I've got a wildcard SSL certificate for *.example.com.

I'm using Nginx, and redirecting all traffic for HTTP to HTTPS, and also rewriting the URLs to remove a www subdomain (if there is one).

So it has,

  1. http://subdomain.example.com ---> https://subdomain.example.com
  2. http://www.subdomain.example.com ---> https://subdomain.example.com
  3. https://www.subdomain.example.com ---> https://subdomain.example.com
  4. https://subdomain.example.com ---> https://subdomain.example.com

However, since my cert is for *.example.com, case 3 gets an SSL error in chrome ("This is probably not the site that you are looking for!"), but if you click through it gets redirected and all is well.

I understand why, since the initial connection is for HTTPS with a www (2 levels of subdomains), which doesn't match what is on the wildcard certificate.

I thought a solution would be to get an additional cert for *.*.example.com to cover www.*.example.com. But it seems like that won't work. I spoke to agents from Namecheap and Comodo, and both said *.*.example.com was not possible.

I also came across this article that states:

Will SSL work with multilevel wildcards?

With the distribution of Firefox 3.5, all major browsers allow only a single level of subdomain matching with certificate names that contain wildcards, in conformance with RFC 2818.

In other words the certificate *.mydomain.com will work for one.mydomain.com or two.mydomain.com but NOT one.two.mydomain.com.

Is there a solution to this? To be able to cover www.*.example.com?


3 Answers 3


Wildcard certs only go one level deep. You will need to get a wildcard that also has subject-alternate names for all www.<subdomain>.example.com sites. This will allow the redirection to happen.

Any solution other than putting valid certs on the two-level-deep subdomains will not work, because the SSL handshake will always happen before any redirection or re-writing.

  • I've read about SAN before and understand it can cover multiple domains. Can it also do something like www.*.example.com? The reason I needed a wildcard, was because I am giving out subdomains to users. Thanks
    – user173326
    Jul 3, 2013 at 15:52
  • 1
    It cannot. You can add SANs to wildcard certain but you can never have a wildcard in the middle like you want. This is why you almost never see anyone with the setup you are describing.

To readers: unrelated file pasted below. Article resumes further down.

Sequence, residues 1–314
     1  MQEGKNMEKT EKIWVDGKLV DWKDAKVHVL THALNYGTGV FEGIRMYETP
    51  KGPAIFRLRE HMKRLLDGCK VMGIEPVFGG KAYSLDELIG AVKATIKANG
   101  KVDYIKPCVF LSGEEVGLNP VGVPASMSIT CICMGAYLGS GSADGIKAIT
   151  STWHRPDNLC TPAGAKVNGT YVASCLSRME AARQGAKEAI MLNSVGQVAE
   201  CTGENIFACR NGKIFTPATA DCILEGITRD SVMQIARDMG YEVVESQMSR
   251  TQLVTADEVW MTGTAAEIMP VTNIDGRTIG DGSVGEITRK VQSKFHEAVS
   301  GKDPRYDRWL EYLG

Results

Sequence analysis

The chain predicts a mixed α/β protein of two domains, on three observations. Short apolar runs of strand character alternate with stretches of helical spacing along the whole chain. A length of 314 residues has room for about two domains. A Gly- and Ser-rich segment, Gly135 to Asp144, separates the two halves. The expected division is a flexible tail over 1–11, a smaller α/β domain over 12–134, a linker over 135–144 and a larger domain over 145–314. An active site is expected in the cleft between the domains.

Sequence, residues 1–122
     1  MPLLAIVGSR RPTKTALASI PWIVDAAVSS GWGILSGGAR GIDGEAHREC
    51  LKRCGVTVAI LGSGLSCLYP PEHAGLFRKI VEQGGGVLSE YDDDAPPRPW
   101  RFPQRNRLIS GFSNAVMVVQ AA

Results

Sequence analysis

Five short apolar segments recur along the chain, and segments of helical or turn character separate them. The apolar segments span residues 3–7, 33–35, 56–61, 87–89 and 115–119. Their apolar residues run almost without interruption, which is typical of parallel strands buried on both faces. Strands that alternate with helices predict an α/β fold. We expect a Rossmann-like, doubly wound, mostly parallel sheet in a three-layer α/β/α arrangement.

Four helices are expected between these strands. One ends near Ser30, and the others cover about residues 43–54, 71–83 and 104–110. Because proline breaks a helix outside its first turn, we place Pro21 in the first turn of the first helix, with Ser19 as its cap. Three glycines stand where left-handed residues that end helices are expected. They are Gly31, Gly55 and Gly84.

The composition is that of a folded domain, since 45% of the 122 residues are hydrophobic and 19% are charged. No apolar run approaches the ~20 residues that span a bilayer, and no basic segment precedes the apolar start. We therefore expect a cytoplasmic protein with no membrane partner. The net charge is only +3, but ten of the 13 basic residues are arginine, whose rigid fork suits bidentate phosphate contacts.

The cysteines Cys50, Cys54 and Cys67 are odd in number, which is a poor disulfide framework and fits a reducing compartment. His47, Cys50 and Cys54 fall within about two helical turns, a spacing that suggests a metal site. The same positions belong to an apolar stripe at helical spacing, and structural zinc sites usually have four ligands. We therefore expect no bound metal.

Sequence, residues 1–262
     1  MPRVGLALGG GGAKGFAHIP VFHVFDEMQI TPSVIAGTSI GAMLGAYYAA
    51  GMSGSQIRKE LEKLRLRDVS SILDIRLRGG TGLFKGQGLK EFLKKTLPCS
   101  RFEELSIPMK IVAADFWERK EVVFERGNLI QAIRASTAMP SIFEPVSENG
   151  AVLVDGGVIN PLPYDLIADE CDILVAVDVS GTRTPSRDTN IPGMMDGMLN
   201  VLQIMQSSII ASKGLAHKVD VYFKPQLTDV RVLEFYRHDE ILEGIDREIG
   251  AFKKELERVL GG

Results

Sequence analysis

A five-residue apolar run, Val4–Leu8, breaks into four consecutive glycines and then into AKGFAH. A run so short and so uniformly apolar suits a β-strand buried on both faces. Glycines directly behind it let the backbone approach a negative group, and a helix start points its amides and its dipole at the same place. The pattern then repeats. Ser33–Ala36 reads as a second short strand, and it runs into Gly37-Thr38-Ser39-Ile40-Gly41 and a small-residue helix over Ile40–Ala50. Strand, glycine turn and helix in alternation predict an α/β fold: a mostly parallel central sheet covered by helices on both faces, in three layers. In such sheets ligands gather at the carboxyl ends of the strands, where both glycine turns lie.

– MDMarra
    Jul 3, 2013 at 16:05
  • Thanks. I was looking around for other sites that have setups similar to mine, like <subdomain>.uservoice.com, and they also get the warning I am trying to avoid.
    – user173326
    Jul 3, 2013 at 16:12
  • This is similar to the problem that Stack Exchange itself is trying to solve. They have meta.<site>.stackexchange.com and haven't come up with a good way to handle SSL. I think they're probably going to throw a lot of money and some config management tools at it to automatically provision and install new certs when new sites are added. A single-cert solution just doesn't really exist for this kind of thing.
    – MDMarra
    Jul 3, 2013 at 16:14

Small workaround is to rewrite URLs before establishing SSL connection, but you will never get https://www.subdomain.mydomain.com working without a warning before you get certificate for this domain name. Something like that:

server {
 listen 111.222.333.444:80;
 server_name www.subdomain.mydomain.com;

 rewrite ^ https://$host$request_uri permanent;

server {
 listen 111.222.333.444:443
 server_name subdomain.mydomain.com
 ssl on;

The problem is how wildcard certs work. They only work on first-level subdomains as you're seeing. To work around this, you'd want to use a PTR record to point www.subdomain.domain.com to subdomain.domain.com and it should be invisible to the server.

  • 2
    A PTR record isn't going to help anything here. I think you may have meant CNAME, but even that won't help. DNS solutions can't fix this.
    – MDMarra
    Jul 3, 2013 at 15:41

You must log in to answer this question.

Not the answer you're looking for? Browse other questions tagged .